Kentuckians can be less embarrassed starting soon. This from the NCSE … it’s a bit old, but it had slipped past in a flurry of other emails, and I think it is really interesting.
FLETCHER LOSES KENTUCKY GOVERNORSHIP
Kentucky’s incumbent governor Ernie Fletcher (R) was soundly defeated in the November 6, 2007, election, by Steve Beshear (D), a former lieutenant governor of the state, who took 59% of the vote. A Baptist minister, Fletcher was perhaps the most outspoken supporter of creationism to serve as a governor anywhere in the country in recent years. He expressed disappointment about the verdict in Kitzmiller v. Dover, for example, saying that local school districts ought to be able to teach “intelligent design” if they wish (Cincinnati Enquirer, December 25, 2005).
Subsequently, in his State of the Commonwealth address in January 2006, Fletcher contended that under Kentucky law, teachers already have the freedom to teach “intelligent design” in the public schools. He was apparently referring to a portion (KRS 158.177) of Kentucky’s Education Code authorizing teachers to teach “the theory of creation as presented in the Bible” and to “read such passages in the Bible as are deemed necessary for instruction on the theory of creation.” The Louisville Courier-Journal (January 11, 2006) reported that according to a November 2005 survey of the state’s 176 school districts, none were teaching or discussing “intelligent design.”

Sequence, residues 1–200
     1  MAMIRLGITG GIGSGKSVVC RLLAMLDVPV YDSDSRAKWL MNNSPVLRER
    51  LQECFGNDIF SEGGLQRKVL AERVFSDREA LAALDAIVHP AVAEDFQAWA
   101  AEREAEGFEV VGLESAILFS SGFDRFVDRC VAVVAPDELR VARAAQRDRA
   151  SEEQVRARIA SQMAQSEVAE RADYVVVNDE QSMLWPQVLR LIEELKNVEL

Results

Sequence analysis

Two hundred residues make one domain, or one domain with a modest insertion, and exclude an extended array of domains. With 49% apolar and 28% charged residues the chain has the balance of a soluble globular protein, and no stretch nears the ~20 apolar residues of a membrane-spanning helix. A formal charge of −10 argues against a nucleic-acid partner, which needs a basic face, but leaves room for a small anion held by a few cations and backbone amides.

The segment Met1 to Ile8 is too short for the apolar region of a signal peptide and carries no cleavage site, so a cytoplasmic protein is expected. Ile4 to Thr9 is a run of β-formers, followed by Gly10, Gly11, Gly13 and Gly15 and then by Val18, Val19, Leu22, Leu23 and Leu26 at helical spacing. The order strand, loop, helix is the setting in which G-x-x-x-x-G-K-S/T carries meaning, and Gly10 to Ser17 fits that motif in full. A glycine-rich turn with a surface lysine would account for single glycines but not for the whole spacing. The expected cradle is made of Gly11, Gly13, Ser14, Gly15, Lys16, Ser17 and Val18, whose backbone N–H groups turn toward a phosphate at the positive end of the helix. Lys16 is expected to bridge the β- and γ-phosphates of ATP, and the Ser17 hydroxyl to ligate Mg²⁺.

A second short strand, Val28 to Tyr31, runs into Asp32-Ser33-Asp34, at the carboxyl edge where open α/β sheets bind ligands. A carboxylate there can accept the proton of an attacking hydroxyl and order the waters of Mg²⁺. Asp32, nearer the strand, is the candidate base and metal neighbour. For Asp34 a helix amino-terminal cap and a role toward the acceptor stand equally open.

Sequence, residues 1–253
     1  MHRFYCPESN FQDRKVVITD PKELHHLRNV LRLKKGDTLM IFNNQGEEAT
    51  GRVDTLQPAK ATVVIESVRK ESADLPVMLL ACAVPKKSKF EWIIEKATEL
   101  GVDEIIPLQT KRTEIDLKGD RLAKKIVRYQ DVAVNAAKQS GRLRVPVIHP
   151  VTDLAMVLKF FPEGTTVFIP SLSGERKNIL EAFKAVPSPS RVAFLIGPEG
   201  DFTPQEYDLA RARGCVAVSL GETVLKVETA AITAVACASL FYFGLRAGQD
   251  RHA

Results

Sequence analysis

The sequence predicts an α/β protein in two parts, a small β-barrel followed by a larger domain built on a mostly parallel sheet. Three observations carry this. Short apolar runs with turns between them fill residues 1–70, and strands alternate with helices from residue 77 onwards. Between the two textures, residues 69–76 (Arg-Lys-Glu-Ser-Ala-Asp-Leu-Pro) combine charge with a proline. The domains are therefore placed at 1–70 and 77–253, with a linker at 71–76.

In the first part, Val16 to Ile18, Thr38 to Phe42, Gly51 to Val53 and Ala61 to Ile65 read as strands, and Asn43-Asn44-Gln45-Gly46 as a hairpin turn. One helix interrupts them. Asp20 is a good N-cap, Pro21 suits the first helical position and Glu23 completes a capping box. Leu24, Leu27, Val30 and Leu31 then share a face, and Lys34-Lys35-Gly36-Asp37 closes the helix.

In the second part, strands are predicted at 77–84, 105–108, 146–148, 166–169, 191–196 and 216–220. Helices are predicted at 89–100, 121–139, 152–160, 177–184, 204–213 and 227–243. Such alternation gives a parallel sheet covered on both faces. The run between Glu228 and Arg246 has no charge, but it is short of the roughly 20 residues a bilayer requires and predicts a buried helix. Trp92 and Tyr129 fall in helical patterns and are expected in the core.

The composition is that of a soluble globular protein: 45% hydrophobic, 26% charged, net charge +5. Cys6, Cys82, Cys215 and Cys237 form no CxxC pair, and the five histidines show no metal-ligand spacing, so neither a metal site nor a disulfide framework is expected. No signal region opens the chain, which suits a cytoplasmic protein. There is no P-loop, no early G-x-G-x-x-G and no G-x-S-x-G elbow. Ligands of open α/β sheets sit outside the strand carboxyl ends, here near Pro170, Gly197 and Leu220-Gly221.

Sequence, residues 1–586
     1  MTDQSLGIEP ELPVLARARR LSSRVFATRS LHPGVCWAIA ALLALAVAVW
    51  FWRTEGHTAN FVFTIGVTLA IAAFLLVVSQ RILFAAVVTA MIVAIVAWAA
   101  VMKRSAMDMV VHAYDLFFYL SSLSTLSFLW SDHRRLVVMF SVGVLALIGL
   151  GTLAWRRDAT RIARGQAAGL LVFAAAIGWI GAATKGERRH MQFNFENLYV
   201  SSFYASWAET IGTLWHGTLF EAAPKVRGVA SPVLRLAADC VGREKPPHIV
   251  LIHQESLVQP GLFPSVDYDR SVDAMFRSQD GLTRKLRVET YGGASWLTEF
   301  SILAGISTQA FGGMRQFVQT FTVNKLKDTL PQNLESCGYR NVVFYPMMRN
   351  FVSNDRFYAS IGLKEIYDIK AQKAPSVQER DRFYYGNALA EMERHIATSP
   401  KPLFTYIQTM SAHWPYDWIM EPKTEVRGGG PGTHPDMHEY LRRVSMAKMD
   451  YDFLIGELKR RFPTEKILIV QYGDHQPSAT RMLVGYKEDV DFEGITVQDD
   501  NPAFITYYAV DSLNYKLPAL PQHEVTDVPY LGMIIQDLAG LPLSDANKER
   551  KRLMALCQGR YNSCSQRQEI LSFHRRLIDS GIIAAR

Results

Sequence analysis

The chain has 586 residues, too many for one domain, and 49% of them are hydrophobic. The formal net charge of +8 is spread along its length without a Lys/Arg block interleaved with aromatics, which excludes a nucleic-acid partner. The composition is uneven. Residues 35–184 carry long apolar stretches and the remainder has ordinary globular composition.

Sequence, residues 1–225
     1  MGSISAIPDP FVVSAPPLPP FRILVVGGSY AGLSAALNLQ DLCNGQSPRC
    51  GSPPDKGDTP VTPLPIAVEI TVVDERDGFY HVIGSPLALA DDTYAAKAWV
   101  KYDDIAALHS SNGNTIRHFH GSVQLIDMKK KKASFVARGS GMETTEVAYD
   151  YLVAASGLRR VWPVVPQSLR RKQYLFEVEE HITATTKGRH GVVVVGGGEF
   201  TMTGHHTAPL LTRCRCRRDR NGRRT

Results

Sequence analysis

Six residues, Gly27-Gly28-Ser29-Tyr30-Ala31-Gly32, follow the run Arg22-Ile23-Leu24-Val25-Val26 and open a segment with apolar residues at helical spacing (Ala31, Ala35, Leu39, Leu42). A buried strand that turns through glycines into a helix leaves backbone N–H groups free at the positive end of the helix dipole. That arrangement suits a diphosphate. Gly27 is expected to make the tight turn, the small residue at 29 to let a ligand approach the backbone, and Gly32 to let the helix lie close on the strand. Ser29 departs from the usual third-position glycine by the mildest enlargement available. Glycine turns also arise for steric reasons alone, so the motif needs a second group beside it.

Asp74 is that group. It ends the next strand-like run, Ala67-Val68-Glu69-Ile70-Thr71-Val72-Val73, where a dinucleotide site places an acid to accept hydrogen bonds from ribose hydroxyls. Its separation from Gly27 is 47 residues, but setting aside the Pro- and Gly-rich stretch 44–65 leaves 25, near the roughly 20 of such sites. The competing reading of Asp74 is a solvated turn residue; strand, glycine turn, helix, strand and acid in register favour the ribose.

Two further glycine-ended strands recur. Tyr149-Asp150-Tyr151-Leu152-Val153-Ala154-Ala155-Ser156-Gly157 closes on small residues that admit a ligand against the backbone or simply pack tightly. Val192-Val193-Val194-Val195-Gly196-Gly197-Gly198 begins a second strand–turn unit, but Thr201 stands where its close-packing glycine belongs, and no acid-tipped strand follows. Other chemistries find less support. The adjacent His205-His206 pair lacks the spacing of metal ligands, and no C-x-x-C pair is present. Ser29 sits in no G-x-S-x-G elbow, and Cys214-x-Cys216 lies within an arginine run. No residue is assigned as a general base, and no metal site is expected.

Reaction to Fletcher’s comments on the part of the state’s newspapers was negative. For example, a Kentucky Post (January 11, 2006) editorial responded, “His plug for teaching intelligent design in public schools is manifestly unwelcome, if what he meant was that science teachers ought to incorporate it into their curriculum. If schools offer comparative religion classes as electives and teachers wish to address intelligent design in such classes, that’s another matter. But this is instruction that most families can take care of just fine in their own homes or churches.”
The topic of “intelligent design” arose again during a televised debate between the gubernatorial candidates at Northern Kentucky University on October 3, 2007. According to WKYT (October 3, 2007) in Lexington, Kentucky, Fletcher commented, “I think there’s nothing wrong with teaching that, in fact, I think to teach that is part of our founding heritage and I think it’s very important,” while Beshear retorted, “I believe that science ought to be taught in schools and religion ought to be taught at home and in the churches and in the synagogues.” Beshear takes office on December 11, 2007.
By the way, I utterly disagree with the often made, often off the cuff remark that “if they/you want to teach intelligent design/creationism in social studies/comparative religion classes then fine…” No, it is not fine. It is exactly as unconstitutional as teaching it in science classes, and this is where the next battleground may well be.
We’ll talk about that some other time..
For more information, NCSE provides these links: